So, this is where I start talking about how I began getting closer to landing a job at the biggest aerospace company in the world. My last two jobs, before doing anything remotely close to engineering was rolling burritos and answering phone calls for customer support. I like to think that although these jobs had nothing to do with engineering that they played a critical part in my engineering journey. Rolling burritos got me through paying for my last semester of college. If it had not been for that job I would not had been able to afford paying for school. Answering calls for customer support helped me develop a keen sense for finding solutions. When a customer called about an issue it was my responsibility to come up with a way to solve their problem, sometime that required some very creative ideas


Chapter 5: Landing The Dream Job

If you made it this far, then you know I had quite a few years of work experience under my belt by the time I graduated, but none related to engineering. I educated myself with free information from the Internet for a few intense months. I could not get a job in the engineering industry despite having a degree but I did not give up. I spent hours and hours doing the following:

1. Reading job descriptions.

2. What was a sane salary expectation?

3. Creating a professional LinkedIn page.

4. What I needed to learn to improve and grow.

5. Learning where the market for my desired job was located.

6. Understanding who I needed to talk to get a hiring interview.

7. Understanding the weaknesses of my resume and what recruiters look for.

8. Figuring out what sacrifices I’d be willing to live with to have my dream job.

9. How to reach out to recruiters and how to have them select me for a hiring interview.

10. Watching any YouTube video I could find talking about real-world engineering experiences.

I gave up my financially sustaining jobs and ventured into the unknown with fear and determination. I accepted a job offer as a CAD designer. Almost a year into that position, I felt like it was not taking me anywhere. I realized I had to stop being afraid of applying to engineering positions to avoid rejections. I began a second role as an architectural CAD technician. The most important part during these two jobs was not so much what I learned through them but what I would spend my free time doing. I would research what an engineer does in real life. All this research made me realize that a lot of my manufacturing roles taken for granted, had given me a lot of engineering experience sublimely. I came to the understanding that in many instances I had done engineering tasks but was unaware of it. It’s important to research what engineering is or any career in the real world past the books and school assignments.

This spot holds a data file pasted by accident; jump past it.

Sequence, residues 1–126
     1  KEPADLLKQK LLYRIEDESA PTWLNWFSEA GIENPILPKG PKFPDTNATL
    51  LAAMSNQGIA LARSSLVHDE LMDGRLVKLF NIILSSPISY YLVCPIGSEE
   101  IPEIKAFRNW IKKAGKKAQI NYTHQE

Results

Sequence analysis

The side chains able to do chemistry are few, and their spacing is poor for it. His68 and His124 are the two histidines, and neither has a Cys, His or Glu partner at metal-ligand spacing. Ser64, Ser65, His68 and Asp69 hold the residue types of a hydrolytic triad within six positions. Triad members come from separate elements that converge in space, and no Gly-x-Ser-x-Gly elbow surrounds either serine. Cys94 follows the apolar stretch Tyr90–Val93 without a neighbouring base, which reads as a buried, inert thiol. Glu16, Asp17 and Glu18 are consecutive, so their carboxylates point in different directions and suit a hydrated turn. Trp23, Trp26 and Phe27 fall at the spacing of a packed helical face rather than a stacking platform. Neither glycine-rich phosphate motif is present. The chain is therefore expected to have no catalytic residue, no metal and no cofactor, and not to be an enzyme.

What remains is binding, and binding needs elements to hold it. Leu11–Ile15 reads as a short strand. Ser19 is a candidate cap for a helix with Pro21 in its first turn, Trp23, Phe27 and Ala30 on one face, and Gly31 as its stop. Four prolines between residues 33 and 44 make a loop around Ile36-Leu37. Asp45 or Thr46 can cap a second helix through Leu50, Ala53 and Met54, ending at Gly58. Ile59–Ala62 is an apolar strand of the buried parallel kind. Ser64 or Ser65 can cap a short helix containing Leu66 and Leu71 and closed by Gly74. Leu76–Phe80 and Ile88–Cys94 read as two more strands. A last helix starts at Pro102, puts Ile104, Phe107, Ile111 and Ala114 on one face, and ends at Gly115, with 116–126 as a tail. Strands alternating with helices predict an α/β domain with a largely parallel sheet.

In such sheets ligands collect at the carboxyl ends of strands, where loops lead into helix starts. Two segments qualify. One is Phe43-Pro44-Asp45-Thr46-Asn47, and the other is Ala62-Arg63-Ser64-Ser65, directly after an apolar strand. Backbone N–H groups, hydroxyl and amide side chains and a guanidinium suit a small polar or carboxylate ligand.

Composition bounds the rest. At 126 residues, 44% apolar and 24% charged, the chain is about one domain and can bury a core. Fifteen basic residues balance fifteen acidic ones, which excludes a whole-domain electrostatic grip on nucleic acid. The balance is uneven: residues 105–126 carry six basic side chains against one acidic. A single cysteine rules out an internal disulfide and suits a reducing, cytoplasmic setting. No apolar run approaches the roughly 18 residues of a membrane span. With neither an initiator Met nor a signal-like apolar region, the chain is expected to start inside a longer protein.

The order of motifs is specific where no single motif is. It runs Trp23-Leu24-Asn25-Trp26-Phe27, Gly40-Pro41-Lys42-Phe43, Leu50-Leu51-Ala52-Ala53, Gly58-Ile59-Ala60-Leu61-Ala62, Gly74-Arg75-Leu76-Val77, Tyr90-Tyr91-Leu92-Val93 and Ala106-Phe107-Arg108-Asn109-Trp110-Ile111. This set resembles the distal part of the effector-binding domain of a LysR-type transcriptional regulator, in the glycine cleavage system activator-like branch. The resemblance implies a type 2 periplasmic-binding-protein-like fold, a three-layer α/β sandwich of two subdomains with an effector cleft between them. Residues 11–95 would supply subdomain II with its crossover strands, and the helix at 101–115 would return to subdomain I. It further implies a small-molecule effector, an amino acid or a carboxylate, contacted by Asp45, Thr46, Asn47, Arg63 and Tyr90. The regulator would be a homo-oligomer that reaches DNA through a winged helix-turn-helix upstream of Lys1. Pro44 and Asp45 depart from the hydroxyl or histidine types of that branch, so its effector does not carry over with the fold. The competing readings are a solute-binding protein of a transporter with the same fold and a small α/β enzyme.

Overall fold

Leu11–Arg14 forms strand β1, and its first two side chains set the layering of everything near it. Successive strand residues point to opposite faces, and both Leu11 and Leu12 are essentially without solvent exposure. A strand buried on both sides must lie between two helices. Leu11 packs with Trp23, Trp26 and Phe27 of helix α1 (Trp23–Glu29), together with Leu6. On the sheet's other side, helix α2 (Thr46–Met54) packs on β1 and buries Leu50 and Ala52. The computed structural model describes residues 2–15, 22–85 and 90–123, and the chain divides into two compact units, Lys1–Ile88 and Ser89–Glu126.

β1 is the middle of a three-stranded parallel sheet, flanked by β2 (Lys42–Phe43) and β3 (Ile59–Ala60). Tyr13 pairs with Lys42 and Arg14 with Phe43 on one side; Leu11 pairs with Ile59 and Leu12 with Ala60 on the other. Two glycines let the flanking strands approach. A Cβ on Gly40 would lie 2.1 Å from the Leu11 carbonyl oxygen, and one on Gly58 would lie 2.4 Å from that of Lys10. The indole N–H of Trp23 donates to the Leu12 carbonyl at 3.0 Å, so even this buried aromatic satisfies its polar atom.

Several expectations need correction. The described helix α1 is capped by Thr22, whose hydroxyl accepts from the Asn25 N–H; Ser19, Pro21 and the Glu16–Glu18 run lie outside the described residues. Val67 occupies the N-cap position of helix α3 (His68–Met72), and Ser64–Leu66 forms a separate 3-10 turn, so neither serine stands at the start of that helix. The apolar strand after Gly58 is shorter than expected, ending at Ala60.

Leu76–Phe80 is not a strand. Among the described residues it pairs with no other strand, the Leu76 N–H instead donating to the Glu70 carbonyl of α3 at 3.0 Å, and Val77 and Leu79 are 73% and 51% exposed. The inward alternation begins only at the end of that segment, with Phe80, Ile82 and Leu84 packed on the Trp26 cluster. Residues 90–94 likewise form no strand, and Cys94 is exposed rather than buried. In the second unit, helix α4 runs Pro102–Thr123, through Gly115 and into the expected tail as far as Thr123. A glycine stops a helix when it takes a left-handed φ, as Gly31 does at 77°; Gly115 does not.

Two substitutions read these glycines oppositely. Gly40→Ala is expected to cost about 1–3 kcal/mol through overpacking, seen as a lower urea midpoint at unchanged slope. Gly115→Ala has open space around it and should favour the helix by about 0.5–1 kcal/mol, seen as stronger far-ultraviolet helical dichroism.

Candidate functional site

Once I felt confident enough with my skills, knowledge, and myself I decided to start applying to engineering roles. By this time, it had been roughly a year and a half since I had graduated. A few things to point out is that by this point I had applied to well over a thousand job requisitions and spoken to about 50 or more recruiters. Another interesting detail was that out of the thousand plus jobs I had applied to, only about one hundred or so had responded. It seems a bit excessive but looking back at how much I wanted to succeed, I knew it would come down to how determined I was. By now I was a self-proclaimed master of my craft and I knew I had all the right tools to succeed. All the rejections had showed me a hundred ways how not to fail. I revised my resume dozens of times and even my interview skills had sharpened and refined. I used to think the jobs I had worked had taught me nothing about engineering but what I didn’t realize at the time was how confident and reassuring they had made me by exposing me to real-world problem solving. Soon enough I was hearing back from engineering roles, most were still rejections but at last, I had managed to obtain three offers from different companies. Eight months into my first engineering role, I turned in my resignation letter and began packing up to relocate to my dream job in aerospace.


Chapter 6: Lessons Learned

If there were a single thing that I could sum up my whole journey into, it would be to learn from your failures more than your accomplishments. Failures are the key to understanding how to succeed. Take the time to really understand the career you want. Study as much as you can about the role you want, so you are confident applying to the industry of your interest. If there is something that does not sit well with you, whether its location or role responsibilities, make sure you address those concerns before starting a career. Give yourself more credit for what you know. Pull from your experiences and develop those skills into what you need for the role you are pursuing. Get involved with side projects. Reach out to professors, mentors, or staff that might be able to give you a project. The biggest lesson learned throughout my journey, was that rejections only hurt when you allow them to. As my resume kept improving and my interviewing skills kept sharpening, I continued hearing back from some of the bigger companies. I knew I was on the right track by then and all I needed was the confidence in myself, and the opportunity to give it all my best.